- 2001 Back to Bogalusa (Verve/Gitanes)
- 2004 Timeless (Hightone)
Compilations and bootlegsEdit
- 1974 San Antonio Ballbuster (Red Lightnin') Peacock recordings
- 1980 Texas Blues Live in Concert, Internationales Jazzfestival Bern, SBV
- 1983 Atomic Energy (Blues Boy) Peacock recordings
- 1985 Pressure Cooker (Alligator) Black and Blue recordings
- 1985 More Stuff (Black and Blue) Black and Blue recordings
- 1987 Texas Swing (Rounder) Rounder recordings
- 1989 Hot Times Tonight (P-Vine) various recordings of the 1960-70s
- 1990 The Original Peacock Recordings (Rounder) Peacock recordings
- 1993 Just Got Lucky (Evidence Music) Black and Blue recordings
- 1994 Live (Charly) previously unreleased live recording
- 1995 The Best of Clarence Gatemouth Brown, A Blues Legend (Verve) Barclay recordings
- 1999 Okie Dokie Stomp (Bullseye Blues & Jazz) Rounder recordings
- 1999 Guitar in My Hand (Catfish) Aladdin & Peacock recordings
- 1999 Hot Club Drive (P-Vine) Black and Blue recordings
- 1999 The Blues Ain't Nothing (P-Vine) Black and Blue recordings
- 2000 Okie Dokie (AIM) various recordings of the 1960s
- 2002 "Gatemouth" Brown: 1947–1951 (Classics) Aladdin & Peacock recordings
- 2003 Clarence Gatemouth Brown: In Concert (DVD)
- 2005 "Gatemouth" Brown: 1952–1954 (Classics) Peacock recordings
- 2010 Rockin' Boogie Blues (Blues Boulevard) early recordings
- Dahl, Bill. "Clarence "Gatemouth" Brown: Biography". AllMusic.com. Archived from the original on March 19, 2014. Retrieved 2014-07-11.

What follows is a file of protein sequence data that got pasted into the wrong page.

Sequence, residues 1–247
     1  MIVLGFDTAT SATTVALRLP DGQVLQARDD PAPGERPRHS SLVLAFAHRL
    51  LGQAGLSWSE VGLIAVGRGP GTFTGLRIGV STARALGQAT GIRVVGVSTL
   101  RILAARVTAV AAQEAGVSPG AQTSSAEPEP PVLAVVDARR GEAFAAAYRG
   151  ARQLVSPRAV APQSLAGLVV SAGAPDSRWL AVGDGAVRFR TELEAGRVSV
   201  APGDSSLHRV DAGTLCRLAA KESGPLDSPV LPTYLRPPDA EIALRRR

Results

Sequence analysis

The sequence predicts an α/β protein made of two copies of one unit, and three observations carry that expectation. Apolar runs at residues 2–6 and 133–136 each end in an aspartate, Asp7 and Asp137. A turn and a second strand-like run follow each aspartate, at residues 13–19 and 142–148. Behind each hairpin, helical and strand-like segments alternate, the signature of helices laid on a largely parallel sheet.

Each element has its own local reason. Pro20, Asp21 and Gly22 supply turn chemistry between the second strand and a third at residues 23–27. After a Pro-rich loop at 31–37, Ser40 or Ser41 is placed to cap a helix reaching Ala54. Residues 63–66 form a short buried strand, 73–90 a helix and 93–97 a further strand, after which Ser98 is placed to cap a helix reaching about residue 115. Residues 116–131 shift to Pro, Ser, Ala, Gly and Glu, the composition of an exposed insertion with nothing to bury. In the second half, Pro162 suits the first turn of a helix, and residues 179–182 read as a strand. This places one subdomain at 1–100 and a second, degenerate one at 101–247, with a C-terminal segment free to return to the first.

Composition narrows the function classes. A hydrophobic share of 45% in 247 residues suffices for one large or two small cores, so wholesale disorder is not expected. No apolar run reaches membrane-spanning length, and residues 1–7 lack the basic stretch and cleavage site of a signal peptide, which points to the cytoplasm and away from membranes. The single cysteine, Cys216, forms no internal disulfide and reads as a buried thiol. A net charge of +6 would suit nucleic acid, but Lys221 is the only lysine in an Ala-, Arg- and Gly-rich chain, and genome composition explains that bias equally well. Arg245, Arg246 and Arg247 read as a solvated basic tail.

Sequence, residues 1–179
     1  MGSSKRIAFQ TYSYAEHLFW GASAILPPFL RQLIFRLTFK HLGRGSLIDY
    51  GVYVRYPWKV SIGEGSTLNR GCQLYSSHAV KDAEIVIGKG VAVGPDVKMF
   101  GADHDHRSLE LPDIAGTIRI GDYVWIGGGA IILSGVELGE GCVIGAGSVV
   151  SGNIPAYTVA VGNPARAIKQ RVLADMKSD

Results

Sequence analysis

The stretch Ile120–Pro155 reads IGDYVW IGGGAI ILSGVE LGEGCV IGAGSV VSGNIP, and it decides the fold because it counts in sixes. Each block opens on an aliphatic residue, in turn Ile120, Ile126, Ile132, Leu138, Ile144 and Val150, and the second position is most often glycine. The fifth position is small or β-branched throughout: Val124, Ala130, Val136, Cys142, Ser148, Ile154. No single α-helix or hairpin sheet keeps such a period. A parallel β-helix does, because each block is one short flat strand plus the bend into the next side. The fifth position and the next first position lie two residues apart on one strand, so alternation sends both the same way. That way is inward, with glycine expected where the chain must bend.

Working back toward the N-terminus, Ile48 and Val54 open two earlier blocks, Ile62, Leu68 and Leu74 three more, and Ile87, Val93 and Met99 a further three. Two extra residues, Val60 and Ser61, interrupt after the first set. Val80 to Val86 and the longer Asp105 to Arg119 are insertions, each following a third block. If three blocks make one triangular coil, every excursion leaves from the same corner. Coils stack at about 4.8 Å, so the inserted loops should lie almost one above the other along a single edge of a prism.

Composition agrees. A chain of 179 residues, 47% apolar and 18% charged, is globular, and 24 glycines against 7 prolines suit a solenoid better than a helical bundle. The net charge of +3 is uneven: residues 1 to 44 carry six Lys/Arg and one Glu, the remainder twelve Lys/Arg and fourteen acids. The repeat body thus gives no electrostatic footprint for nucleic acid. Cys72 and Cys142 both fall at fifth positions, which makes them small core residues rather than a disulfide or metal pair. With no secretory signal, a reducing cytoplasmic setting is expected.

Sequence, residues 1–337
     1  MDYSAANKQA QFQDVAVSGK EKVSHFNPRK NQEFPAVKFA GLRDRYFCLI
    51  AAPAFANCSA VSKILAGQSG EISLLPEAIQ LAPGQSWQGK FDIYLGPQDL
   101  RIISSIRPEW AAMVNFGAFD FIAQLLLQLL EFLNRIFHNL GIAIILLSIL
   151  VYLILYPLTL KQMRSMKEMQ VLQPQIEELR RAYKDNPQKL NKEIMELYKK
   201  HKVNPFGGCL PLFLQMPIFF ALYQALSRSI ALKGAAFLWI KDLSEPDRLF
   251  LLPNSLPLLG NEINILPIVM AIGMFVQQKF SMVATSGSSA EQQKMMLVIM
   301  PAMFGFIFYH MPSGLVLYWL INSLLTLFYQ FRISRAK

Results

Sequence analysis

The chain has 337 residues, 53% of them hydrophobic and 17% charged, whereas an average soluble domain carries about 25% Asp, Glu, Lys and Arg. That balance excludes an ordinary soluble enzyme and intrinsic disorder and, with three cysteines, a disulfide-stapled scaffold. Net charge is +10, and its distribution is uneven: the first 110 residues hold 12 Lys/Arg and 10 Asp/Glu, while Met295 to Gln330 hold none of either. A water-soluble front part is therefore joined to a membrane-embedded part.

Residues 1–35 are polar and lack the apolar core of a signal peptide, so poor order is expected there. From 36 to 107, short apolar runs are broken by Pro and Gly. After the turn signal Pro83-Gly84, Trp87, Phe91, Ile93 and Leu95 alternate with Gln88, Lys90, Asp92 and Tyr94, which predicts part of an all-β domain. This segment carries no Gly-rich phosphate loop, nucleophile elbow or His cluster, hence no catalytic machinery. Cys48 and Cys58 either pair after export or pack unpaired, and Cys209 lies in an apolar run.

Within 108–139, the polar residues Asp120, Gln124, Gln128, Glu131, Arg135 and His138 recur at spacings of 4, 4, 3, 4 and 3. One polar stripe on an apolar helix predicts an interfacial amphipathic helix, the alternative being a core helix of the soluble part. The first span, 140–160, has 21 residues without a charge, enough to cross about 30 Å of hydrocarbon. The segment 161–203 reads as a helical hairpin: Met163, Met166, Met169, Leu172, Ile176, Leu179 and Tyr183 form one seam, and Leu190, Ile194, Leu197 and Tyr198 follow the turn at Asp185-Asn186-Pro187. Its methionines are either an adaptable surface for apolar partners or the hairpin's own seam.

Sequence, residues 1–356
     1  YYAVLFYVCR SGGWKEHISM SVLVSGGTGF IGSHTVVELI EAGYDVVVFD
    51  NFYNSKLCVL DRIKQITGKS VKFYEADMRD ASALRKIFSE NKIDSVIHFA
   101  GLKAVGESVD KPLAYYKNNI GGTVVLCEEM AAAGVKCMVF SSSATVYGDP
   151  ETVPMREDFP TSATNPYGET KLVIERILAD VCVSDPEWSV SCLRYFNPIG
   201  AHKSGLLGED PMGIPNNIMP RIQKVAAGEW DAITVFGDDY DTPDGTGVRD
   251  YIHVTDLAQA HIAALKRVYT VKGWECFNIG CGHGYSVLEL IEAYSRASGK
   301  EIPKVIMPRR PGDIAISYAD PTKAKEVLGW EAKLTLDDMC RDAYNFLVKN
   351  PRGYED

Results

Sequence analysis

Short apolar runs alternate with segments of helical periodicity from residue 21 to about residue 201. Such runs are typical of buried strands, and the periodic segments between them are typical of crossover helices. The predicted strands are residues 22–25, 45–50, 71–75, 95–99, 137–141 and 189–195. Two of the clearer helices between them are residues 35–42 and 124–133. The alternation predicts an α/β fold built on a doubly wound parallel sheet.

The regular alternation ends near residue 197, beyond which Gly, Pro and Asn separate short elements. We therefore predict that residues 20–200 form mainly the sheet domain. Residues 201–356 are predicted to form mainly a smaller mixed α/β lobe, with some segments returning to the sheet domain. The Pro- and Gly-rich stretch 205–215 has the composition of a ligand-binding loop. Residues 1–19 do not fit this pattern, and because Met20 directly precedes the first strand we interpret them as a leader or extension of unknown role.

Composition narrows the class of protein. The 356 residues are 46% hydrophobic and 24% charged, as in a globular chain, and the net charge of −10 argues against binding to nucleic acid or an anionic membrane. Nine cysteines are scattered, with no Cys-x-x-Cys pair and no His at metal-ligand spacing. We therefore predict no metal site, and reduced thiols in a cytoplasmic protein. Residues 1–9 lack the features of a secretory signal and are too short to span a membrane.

- Ratliff, Ben (2005-09-12). "Guitarist Clarence Gatemouth Brown Dies at 81". The New York Times. Archived from the original on 2014-09-10. Retrieved 2014-07-11.
- "Grammy.com Past Winner Search: Clarence "Gatemouth" Brown, 1982". Grammy.com. Archived from the original on 2014-09-10. Retrieved 2014-09-09.
- Du Noyer, Paul (2003). The Illustrated Encyclopedia of Music. Fulham, London: Flame Tree Publishing. p. 164. ISBN 1-904041-96-5.
- Tomko, Gene (2020). Encyclopedia of Louisiana Musicians: Jazz, Blues, Cajun, Creole, Zydeco, Swamp Pop, and Gospel. Baton Rouge: Louisiana State University Press. p. 57. ISBN 9780807169322.
- Park, Erinn. "Brown, Clarence [Gatemouth] (1924–2005)". Handbook of Texas. Texas State Historical Association. Retrieved January 13, 2021 – via tshaonline.org.
- "Clarence 'Gatemouth' Brown dead at 81". UPI.com. Orange, Texas. September 11, 2005. Retrieved January 12, 2021.
- Russell, Tony (1997). The Blues: From Robert Johnson to Robert Cray. Dubai: Carlton Books. pp. 95–96. ISBN 1-85868-255-X.
- "Clarence Gatemouth Brown". AllAboutJazz.com. Archived from the original on 2014-07-03. Retrieved 2014-09-09.
- "The Real Frank Zappa Book". Pierroule.com. Archived from the original on 2014-08-28. Retrieved 2014-07-11.
- Rosen, Jody (25 June 2019). "Here Are Hundreds More Artists Whose Tapes Were Destroyed in the UMG Fire". The New York Times. Retrieved 28 June 2019.
- "Ike Texas » Archive » orangeleader.com (Orange, Texas)". orangeleader.com. September 15, 2008. Archived from the original on January 31, 2013. Retrieved July 11, 2014.
- Hankins, Robert (February 25, 2009). "Gatemouth Honored with State Marker" (Vol. 48, No. 43).
- "Historical Marker Dedication to Pay Tribute to Music Legend". orangeleader.com. July 19, 2012. Archived from the original on September 10, 2014. Retrieved 2014-09-09.
- Dunn, Mark (July 25, 2012). "Photo text: Dr. Robert Finch compiled the research to get an historical marker for Clarence "Gatemouth" Brown...". 53 (17). Record Newspapers.
|Wikimedia Commons has media related to Clarence "Gatemouth" Brown.|
- W.C. Handy Blues Awards on National Public Radio Talk of the Nation
- 'Gatemouth' Brown Plays Through Cancer, Years on National Public Radio All Things Considered
- Remembrances: 'Gatemouth' Brown's Blues Voice Goes Quiet on National Public Radio All Things Considered
- Clarence "Gatemouth" Brown Discography
- Video Interview with Clarence "Gatemouth" Brown, Loyola University, New Orleans